904 F2d 1050 Richardson v. City of South Euclid

904 F.2d 1050

Daiva RICHARDSON and Ronnie Richardson, Plaintiffs-Appellants,
CITY OF SOUTH EUCLID; Arnold C. D'Amico; Jack Clifford;
James Farrell; and John Doe, Defendants-Appellees.

No. 89-3056.

United States Court of Appeals,
Sixth Circuit.

Argued Sept. 25, 1989.
Decided June 11, 1990.
Rehearing and Rehearing En Banc
Denied July 26, 1990.

Bruce C. Allen (argued), Cleveland, Ohio, for plaintiffs-appellants.

Dennis M. Kelly (argued), Albert J. Lucas, Jones, Day, Reavis & Pogue, Cleveland, Ohio, for defendants-appellees.

Before MERRITT, Chief Judge; and RYAN, Circuit Judge; and PECK, Senior Circuit Judge.

RYAN, Circuit Judge.

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This case presents the question whether a criminal misdemeanor prosecution under an ordinance later determined to be constitutionally invalid gives rise to a 42 U.S.C. Sec. 1983 injury where no deprivation other than that suffered as a result of maintaining a legal defense is sustained by the party prosecuted. We conclude that criminal prosecution alone does not result in a constitutional deprivation or support a section 1983 claim, and we affirm the district court's summary judgment dismissing the plaintiffs' action.



Plaintiffs Ronnie and Daiva Richardson are a married couple who moved to South Euclid, Ohio in May of 1986. In October of 1986, the City of South Euclid passed an ordinance which made it a misdemeanor to "own, operate, maintain or manage a brothel" or to "invite or entice another to engage in acts of lewdness or sexual conduct" as defined elsewhere in the city's code. In December of 1986, the Richardsons were charged with violating that ordinance.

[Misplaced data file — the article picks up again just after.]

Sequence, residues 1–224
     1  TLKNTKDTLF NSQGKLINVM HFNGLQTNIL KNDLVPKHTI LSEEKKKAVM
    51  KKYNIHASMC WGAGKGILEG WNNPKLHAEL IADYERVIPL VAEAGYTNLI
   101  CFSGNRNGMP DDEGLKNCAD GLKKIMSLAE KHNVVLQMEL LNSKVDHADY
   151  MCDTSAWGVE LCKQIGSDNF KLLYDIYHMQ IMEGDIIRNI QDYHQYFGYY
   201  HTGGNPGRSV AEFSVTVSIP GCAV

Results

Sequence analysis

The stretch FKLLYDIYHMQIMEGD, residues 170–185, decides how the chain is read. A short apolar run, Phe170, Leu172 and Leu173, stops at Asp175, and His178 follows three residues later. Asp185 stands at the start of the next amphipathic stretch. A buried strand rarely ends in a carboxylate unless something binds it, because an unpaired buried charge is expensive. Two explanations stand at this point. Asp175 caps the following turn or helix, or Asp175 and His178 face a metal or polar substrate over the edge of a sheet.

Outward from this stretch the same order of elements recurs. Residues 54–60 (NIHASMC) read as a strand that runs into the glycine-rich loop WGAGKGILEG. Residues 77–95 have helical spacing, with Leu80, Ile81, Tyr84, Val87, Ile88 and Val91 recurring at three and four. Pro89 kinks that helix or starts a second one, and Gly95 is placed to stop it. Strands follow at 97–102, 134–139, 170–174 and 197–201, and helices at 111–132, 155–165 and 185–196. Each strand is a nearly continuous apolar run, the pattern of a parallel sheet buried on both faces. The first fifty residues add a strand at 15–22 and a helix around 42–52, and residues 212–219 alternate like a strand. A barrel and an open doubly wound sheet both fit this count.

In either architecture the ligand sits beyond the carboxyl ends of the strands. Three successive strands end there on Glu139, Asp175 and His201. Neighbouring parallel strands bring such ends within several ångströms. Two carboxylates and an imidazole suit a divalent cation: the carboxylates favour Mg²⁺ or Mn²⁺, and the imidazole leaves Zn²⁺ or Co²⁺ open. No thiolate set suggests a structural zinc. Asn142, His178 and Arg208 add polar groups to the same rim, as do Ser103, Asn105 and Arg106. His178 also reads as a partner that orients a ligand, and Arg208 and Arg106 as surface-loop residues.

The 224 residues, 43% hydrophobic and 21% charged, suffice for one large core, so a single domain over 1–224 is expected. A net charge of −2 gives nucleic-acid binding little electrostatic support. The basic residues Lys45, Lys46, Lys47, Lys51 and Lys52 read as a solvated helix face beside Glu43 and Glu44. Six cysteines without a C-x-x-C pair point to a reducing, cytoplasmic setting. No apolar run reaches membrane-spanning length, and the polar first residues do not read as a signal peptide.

On June 26, 1987, the charges against the Richardsons were dismissed when the Municipal Court of South Euclid found the ordinance to be vague, overbroad, and unconstitutional on its face under the first and fourteenth amendments to the United States Constitution. The City of South Euclid appealed, and the Ohio Court of Appeals affirmed the municipal court's ruling. On March 7, 1990, the Ohio Supreme Court likewise affirmed the appellate court's judgment, adopting its opinion. See City of South Euclid v. Richardson, 49 Ohio St.3d 147, 551 N.E.2d 606 (1990).


In the meantime, the Richardsons filed a 42 U.S.C. Sec. 1983 suit in the district court against the City of South Euclid, its mayor, its police lieutenant, the president of the city council, and various unnamed civil servants. They claimed to have suffered humiliation, emotional distress, physical harm, loss of earnings, and legal expenses as a result of their defense against the prosecution, and sought $250,000 in damages. In due course, the district court granted a motion for summary judgment in favor of the city and its officials. Although concluding that it was bound by the municipal court's decision as to the unconstitutionality of the ordinance, even with the appeal of that ruling then pending before the Ohio Supreme Court, the court found no constitutional deprivation sufficient to support the Richardsons' section 1983 suit. The Richardsons appeal the summary dismissal which we review de novo. Burkart v. Post-Browning, Inc., 859 F.2d 1245, 1249 (6th Cir.1988).